Our Practice

  • Curriculum
  • field trip
  • high school
  • PBL
  • Progressive Education
  • Upper School
  • winterim

The Power of Field Trips to Transform Hearts and Minds

by Yvonne Domings, Upper School Director

Field trips provide rich, experiential opportunities that allow students to take in and engage with learning in multi-sensory ways. They have the power to expand the walls of the school and bring learning to life. Instead of only listening, discussing and/or reading, students experience the world. Students take an active role in their learning, doing so in their own way and at their own pace. As such, they experience the joy of exploration and the wonder of discovery. Sparhawk’s Winterim master class is an excellent example of the power of field trips to take learning to a higher level. It is also an excellent example of one of the things Sparhawk faculty do best: they create rich learning opportunities for students that push them to expand their hearts and minds.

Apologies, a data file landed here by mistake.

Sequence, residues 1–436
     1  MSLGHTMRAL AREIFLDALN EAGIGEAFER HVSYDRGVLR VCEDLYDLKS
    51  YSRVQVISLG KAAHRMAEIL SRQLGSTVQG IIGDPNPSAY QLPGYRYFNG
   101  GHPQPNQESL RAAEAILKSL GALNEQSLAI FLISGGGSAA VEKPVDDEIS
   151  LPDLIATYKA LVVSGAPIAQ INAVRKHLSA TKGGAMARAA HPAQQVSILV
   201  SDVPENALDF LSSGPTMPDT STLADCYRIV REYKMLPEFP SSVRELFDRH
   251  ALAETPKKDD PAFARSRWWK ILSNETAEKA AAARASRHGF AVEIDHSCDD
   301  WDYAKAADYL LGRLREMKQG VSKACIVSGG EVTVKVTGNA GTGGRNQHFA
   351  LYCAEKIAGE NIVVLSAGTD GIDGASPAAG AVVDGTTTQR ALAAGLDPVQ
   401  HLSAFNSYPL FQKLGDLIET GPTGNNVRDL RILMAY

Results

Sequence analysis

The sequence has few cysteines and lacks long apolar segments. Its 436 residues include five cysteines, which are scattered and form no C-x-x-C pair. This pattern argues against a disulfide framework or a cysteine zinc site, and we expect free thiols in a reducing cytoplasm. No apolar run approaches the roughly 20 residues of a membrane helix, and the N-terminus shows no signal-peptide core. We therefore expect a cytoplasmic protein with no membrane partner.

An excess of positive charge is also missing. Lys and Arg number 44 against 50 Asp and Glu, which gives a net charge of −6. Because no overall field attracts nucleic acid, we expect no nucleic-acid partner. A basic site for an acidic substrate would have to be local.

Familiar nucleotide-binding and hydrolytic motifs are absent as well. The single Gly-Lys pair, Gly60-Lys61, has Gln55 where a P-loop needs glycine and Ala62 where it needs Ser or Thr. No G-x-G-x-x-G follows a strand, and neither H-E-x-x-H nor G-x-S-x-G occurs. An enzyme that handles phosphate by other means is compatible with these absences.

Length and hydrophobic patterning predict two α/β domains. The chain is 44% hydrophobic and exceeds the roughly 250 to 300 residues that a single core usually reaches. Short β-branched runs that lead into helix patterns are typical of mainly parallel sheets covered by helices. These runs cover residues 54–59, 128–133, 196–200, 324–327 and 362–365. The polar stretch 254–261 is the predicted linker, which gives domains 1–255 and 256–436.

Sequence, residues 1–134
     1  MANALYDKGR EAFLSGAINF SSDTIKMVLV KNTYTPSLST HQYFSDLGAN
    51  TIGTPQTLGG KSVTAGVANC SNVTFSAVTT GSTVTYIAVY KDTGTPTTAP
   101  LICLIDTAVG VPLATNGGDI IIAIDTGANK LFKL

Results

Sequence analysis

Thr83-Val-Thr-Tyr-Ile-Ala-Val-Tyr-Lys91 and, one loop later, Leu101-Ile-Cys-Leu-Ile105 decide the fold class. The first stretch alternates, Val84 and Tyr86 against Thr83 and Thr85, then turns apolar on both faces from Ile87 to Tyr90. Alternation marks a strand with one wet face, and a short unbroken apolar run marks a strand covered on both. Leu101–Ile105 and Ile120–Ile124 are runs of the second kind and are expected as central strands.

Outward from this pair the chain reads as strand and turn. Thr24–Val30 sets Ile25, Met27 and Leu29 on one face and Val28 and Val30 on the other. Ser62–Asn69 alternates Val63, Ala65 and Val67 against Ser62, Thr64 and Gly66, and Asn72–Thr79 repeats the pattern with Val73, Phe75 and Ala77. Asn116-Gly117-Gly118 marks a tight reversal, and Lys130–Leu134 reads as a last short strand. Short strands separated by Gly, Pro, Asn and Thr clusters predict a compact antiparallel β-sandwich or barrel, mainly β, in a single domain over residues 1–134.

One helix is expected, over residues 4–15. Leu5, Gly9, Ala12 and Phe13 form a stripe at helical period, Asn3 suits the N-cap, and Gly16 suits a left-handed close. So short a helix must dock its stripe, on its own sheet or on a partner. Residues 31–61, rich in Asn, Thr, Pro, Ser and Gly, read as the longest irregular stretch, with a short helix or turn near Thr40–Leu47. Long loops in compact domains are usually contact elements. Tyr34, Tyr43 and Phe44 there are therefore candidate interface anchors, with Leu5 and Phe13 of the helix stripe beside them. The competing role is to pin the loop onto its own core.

In the interim between first and second semester (Winterim), Sparhawk students in grades 8-12 go on many of field trips! They travel locally, regionally, nationally and internationally. Four years ago, we enhanced these trips by adding master class. Before this, students traveled for a week to ten days. The experience was wonderful, but the master class has added a rich new dimension by preparing them for what they will encounter and experience.

In a master class, teachers and students study topics of interest deeply all day, every day for the month of January. In contrast to a survey class, which is designed with a goal of achieving a broad but cursory understanding or skill, Winterim master classes are designed with the goal of deep learning in a specific area of focus.

To teach a master class well, teachers must dig in and develop their own deep understanding of the topic area first. Ideas for master classes often come from their past experiences or from their own curiosity, passions or interests. Teachers then guide students to develop a thorough understanding of the topic. The learning is then enriched with a field trip or trips that further expand their minds by exposing them to the world beyond the pages of a book and the walls of the classroom.